Central African Republic

The MSF surgery team in Bangassou perform a hernia operation on a patient. Central African Republic, 2021. © Alexis Huguet

Staff in 2021 (full-time equivalents): 2,773 locally hired; 276 internationally hired Expenditure in 2021: $100 million


outpatient consultations


malaria cases treated


people treated for sexual violence

In 2021, Central African Republic was plagued by fighting between government forces and armed opposition groups, which displaced hundreds of thousands of people. It became increasingly difficult for MSF and other humanitarian organizations to provide assistance, particularly in remote rural areas.

Nonetheless, we continued to run 13 basic and specialist healthcare projects, focusing on maternal and child health, surgery, treatment for HIV and tuberculosis and responding to outbreaks of disease, with almost all our programs offering treatment for sexual violence. We also ran various emergency responses and assisted people affected by conflict.

In Bangassou, where MSF supports the Regional University hospital, more than 1,000 people arrived seeking shelter following attacks by armed groups in January. Another 10,000 people fled to Democratic Republic of Congo, where we increased our support to a local health centre. That same month, 8,000 people fled fighting in Bouar to seek shelter in a cathedral and makeshift camps, where MSF provided basic healthcare, as well as water and sanitation.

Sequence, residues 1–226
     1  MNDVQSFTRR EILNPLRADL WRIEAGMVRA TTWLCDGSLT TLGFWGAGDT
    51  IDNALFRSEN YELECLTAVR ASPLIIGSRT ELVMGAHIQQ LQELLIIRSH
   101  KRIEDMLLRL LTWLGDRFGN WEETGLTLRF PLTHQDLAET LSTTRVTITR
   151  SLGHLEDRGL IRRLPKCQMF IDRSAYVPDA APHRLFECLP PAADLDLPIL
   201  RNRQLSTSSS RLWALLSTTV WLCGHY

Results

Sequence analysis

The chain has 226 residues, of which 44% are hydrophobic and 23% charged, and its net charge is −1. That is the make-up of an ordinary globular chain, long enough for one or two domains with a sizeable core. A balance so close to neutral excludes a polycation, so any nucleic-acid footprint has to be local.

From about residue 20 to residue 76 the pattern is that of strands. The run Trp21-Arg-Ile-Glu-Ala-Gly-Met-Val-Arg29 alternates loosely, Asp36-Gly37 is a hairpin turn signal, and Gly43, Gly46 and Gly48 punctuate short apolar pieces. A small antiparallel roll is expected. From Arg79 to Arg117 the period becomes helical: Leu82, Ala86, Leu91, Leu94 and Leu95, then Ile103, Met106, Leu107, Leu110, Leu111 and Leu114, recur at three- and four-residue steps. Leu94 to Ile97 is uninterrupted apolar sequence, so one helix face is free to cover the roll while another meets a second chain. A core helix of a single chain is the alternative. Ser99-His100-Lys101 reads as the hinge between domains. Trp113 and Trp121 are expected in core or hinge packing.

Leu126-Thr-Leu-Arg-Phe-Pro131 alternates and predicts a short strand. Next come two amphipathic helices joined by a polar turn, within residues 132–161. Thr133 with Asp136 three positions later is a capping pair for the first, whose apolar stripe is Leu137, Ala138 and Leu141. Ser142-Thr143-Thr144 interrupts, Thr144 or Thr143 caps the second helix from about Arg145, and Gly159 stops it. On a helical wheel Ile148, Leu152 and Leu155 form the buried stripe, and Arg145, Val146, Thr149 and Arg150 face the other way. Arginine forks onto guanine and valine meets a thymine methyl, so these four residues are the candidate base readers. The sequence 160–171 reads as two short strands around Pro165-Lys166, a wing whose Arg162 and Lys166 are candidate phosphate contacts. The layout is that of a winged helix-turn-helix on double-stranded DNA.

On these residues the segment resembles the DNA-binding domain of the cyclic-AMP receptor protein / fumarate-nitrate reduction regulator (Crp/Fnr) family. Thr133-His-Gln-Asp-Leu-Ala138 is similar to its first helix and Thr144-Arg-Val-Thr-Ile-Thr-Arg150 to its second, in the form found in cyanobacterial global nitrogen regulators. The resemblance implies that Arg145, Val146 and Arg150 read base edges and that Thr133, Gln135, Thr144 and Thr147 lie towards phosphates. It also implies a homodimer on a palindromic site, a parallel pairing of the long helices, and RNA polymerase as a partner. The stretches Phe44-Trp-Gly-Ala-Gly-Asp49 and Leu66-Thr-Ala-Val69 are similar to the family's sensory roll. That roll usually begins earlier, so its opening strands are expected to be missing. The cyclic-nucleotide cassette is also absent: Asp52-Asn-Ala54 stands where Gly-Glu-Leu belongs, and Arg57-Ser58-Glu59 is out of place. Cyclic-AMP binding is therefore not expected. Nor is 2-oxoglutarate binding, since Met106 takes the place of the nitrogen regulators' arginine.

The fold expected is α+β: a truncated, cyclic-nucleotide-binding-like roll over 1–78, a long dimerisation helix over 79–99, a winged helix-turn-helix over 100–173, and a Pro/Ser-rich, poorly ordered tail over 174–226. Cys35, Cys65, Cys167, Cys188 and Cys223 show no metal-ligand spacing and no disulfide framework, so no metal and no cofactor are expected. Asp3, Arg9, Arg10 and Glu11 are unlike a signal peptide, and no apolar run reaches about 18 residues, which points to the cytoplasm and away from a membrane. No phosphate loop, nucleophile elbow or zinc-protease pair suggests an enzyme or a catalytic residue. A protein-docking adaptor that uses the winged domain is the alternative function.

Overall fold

Landmines, improvised explosive devices and attacks on civilians and medical facilities hampered access to healthcare across the country, including in Bocaranga, where our emergency team assisted survivors of sexual violence, administered routine vaccinations and improved the provision of water and sanitation. To ensure continuity of care for people with HIV, we implemented a community-based model of care for patients in places including Carnot, Bossangoa, Boguila, Bambari and Zémio.

In the capital, Bangui, MSF’s trauma surgery hospital frequently received patients referred from other provinces requiring emergency and longer-term surgical care. While maintaining our maternal health program, we also worked on rehabilitating the emergency obstetric and newborn care units of one of the capital’s main public health facilities – crucial in a country where few women have access to free, quality care during pregnancy and childbirth outside of MSF-supported facilities.